A weird question for Tmax(0x7fffffff), why (!x) == x?

#include <stdio.h>
void show_case(int x) {
    printf("x + x + 2 = %d\n", x + x + 2);
    printf("!(x + x + 2) = %d\n", !(x + x + 2));
int main(){
    show_case(-1);  // the output is 0 & 1
    show_case(0x7fffffff); // the output is 0 & 0;
    return 0;

hi friends, recently I come across a very weird question when dealing with the datalab in cmu15213.

I simplified the question into the code above.

As we can see, I have implemented a show_case function which can show the (x + x + 2) and !(x + x + 2); when the argument is -1, the result is as we expected, x+x+2 = 0 and !(x+x+2) = 1.

But when I turn to 0x7fffffff, I found that x+x+2 = 0 and !(x + x + 2) = 0 which is really weird for me.

(Note : the code above was ran on my Ubuntu virtual Machine, while in my windows visual studio, it turns out the ans for 0x7fffffff is 0 & 1 which is as expected). enter image description here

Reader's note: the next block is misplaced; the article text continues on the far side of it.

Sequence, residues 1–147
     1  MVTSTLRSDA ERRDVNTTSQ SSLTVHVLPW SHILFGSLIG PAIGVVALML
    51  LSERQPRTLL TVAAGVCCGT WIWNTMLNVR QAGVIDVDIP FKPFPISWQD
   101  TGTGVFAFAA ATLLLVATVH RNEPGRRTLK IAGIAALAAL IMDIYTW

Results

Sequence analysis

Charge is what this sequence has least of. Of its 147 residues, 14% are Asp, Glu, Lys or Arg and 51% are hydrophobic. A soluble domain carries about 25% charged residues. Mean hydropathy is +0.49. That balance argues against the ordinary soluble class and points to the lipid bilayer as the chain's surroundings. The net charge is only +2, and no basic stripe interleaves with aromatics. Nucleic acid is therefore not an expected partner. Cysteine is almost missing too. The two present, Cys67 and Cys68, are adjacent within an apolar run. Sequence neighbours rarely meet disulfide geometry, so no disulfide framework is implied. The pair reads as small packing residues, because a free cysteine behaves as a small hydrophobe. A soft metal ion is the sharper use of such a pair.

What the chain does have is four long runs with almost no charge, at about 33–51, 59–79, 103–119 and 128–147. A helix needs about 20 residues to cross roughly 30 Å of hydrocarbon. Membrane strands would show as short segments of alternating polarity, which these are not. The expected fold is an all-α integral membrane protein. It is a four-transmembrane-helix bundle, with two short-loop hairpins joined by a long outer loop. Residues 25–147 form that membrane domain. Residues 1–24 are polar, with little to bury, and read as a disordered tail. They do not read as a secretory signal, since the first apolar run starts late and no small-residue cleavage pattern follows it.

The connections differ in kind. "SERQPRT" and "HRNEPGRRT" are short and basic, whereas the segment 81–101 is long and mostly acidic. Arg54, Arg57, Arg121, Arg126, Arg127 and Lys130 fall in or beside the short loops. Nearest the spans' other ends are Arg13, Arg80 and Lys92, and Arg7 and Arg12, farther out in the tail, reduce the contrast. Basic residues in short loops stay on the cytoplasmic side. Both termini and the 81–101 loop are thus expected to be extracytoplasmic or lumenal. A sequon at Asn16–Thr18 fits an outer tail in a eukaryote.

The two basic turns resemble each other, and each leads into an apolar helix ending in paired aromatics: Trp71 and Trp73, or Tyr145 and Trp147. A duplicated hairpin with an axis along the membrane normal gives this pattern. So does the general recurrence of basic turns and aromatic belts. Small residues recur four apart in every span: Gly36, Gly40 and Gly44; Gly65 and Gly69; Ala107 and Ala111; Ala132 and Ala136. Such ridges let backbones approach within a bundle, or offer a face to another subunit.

asked on Stack Overflow Jun 23, 2020 by Xikai_Yang

2 Answers


Assuming an int is 32 bits, 0x7fffffff is the largest value an int can store. When you then add that value to itself it results in integer overflow which is undefined behavior.

When I run this code, I get 0 and 1 for the second case. This is an example of how undefined behavior can manifest: it works differently on two different systems.

If you change the type of x to unsigned int, you'll have well defined behavior for wraparound and get 0 and 1.

answered on Stack Overflow Jun 23, 2020 by dbush

Because you overflow the the integer. An integer overflow is an Undefined Behaviour.

If you change the parameter to unsigned (which will wrap around) - it will behave as you want


answered on Stack Overflow Jun 23, 2020 by 0___________

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